Now, this doesn’t mean I don’t think we should pose nude. I think there are very good reasons to do so, and I wish men wouldn’t assume that all nude images of women are for their benefit. Something I know my plus size sisters get a lot of.
Here is a nude I see a lot of good in.
While it is still a sexy pose, it has some significant differences over the Sports Illustrated cover. The most obvious one is that it doesn’t hide her rolls of fat, so while men may find this cover tittilating, I find it quite a compelling image because I look at it and realise that I am not abnormal. Up there I see a woman who looks a bit like me.
This is hugely important.
[TW: Eating disorder]
When I was in the midst of my eating disorder, and had already lost a lot of weight, I would sit on my bed and stare in horror at the natural folds my body formed, particularly my stomach. I didn’t believe they were natural, I’d been so bombarded by images of heavily photoshopped women, with bodies that somehow never folded, just curved gently. Stomachs were flat and smooth, even when sat upright. I thought I was still far too fat because I still hadn’t attained this level of smoothness. I wasn’t fat, but I’d been so starved of images of what women actually looked like that my expectations were warped.
In these images of plus size women, nude, showing how flesh actually forms itself, was a route out of self hatred. Out of self destruction.
It wasn’t that long ago that an image stopped me in my tracks, it was a photo of Katana Fatale. I’ve been gaining confidence in my body, but still have my niggles, I’m still early in my body positive journey, and we still have so few representations in the media of fat women who aren’t hourglass that I still looked on my apron of fat with horror. I admit, there are days I still do. But this one photo stood out to me because my first thought on seeing it wasn’t, “oh look, belly”, it was “wow, she looks amazing, I wish I looked like her” and then, then I realised that I looked more like her than I’d initially realised. I wasn’t being presented with a body which was unattainable and impossible, in this photo I was seeing that it was possible to love my own body.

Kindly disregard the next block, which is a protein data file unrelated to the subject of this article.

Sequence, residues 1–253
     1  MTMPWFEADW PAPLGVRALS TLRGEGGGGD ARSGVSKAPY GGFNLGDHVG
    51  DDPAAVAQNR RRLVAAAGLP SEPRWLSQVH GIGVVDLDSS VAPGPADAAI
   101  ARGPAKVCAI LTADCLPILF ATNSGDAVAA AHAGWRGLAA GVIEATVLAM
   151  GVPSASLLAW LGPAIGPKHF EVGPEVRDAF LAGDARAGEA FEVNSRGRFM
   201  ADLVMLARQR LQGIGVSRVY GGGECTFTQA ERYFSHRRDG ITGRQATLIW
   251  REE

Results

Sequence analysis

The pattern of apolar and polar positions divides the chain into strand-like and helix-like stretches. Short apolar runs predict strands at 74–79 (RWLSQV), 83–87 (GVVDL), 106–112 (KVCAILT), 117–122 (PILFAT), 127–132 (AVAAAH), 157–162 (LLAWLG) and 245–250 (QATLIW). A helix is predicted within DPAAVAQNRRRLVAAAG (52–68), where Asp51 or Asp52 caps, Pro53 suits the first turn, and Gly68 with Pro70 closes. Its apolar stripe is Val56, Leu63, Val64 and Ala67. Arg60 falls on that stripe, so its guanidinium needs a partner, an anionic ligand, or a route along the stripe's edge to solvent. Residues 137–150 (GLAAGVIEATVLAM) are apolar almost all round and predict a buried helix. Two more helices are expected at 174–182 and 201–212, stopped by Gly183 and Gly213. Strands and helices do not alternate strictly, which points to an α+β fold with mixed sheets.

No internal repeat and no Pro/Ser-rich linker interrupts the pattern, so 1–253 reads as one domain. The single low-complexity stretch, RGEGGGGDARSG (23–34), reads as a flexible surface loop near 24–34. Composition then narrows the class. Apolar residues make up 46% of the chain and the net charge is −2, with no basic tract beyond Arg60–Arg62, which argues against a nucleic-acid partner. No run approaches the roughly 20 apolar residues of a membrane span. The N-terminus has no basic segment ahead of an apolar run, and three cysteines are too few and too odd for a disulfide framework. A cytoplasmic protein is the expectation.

This is something the Curvy Girl Thin talked about in her blog post Plus Size, Naked and Fetishised.
Women have taken the time to let me know I have inspired them to wear what they want; women who, seeing me put myself out there, feel just that little more confident in their own skin. For all my triviality of pretty clothes and lacy underwear – that is the reason I blog and that is why I can sit in bed as I write this, sipping my hot honey & lemon drink, whilst feeling perfectly content in my round, scarred, wobbly, fat body.
However, what I never really considered is the forced sexualisation that comes from being a confident woman unafraid to bare her face, and her body, to the world.
This is it for me, I want to be able to inspire and be inspired by other women, I want us to get away from the idea that our bodies are in constant need of improvement. I want us to love our bodies, and my extension ourselves. And I want to be able to do it free of objectification by men.
So no, I can not celebrate that Sports Illustrated cover, and no, I cannot agree that nudity is empowering, but it is important for us women to see realistic bodies in order to have realistic expectations of our own.